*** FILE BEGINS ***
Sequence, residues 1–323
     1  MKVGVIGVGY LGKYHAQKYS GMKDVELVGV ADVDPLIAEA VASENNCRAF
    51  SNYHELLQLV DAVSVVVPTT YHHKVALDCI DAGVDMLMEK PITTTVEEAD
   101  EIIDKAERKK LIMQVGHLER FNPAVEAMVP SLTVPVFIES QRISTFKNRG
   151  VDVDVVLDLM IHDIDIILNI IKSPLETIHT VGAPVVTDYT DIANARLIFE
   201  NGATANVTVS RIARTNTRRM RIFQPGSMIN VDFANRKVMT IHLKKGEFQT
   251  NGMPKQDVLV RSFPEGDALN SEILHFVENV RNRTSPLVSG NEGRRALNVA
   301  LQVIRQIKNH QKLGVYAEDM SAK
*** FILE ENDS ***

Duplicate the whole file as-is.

Sequence, residues 1–323
     1  MKVGVIGVGY LGKYHAQKYS GMKDVELVGV ADVDPLIAEA VASENNCRAF
    51  SNYHELLQLV DAVSVVVPTT YHHKVALDCI DAGVDMLMEK PITTTVEEAD
   101  EIIDKAERKK LIMQVGHLER FNPAVEAMVP SLTVPVFIES QRISTFKNRG
   151  VDVDVVLDLM IHDIDIILNI IKSPLETIHT VGAPVVTDYT DIANARLIFE
   201  NGATANVTVS RIARTNTRRM RIFQPGSMIN VDFANRKVMT IHLKKGEFQT
   251  NGMPKQDVLV RSFPEGDALN SEILHFVENV RNRTSPLVSG NEGRRALNVA
   301  LQVIRQIKNH QKLGVYAEDM SAK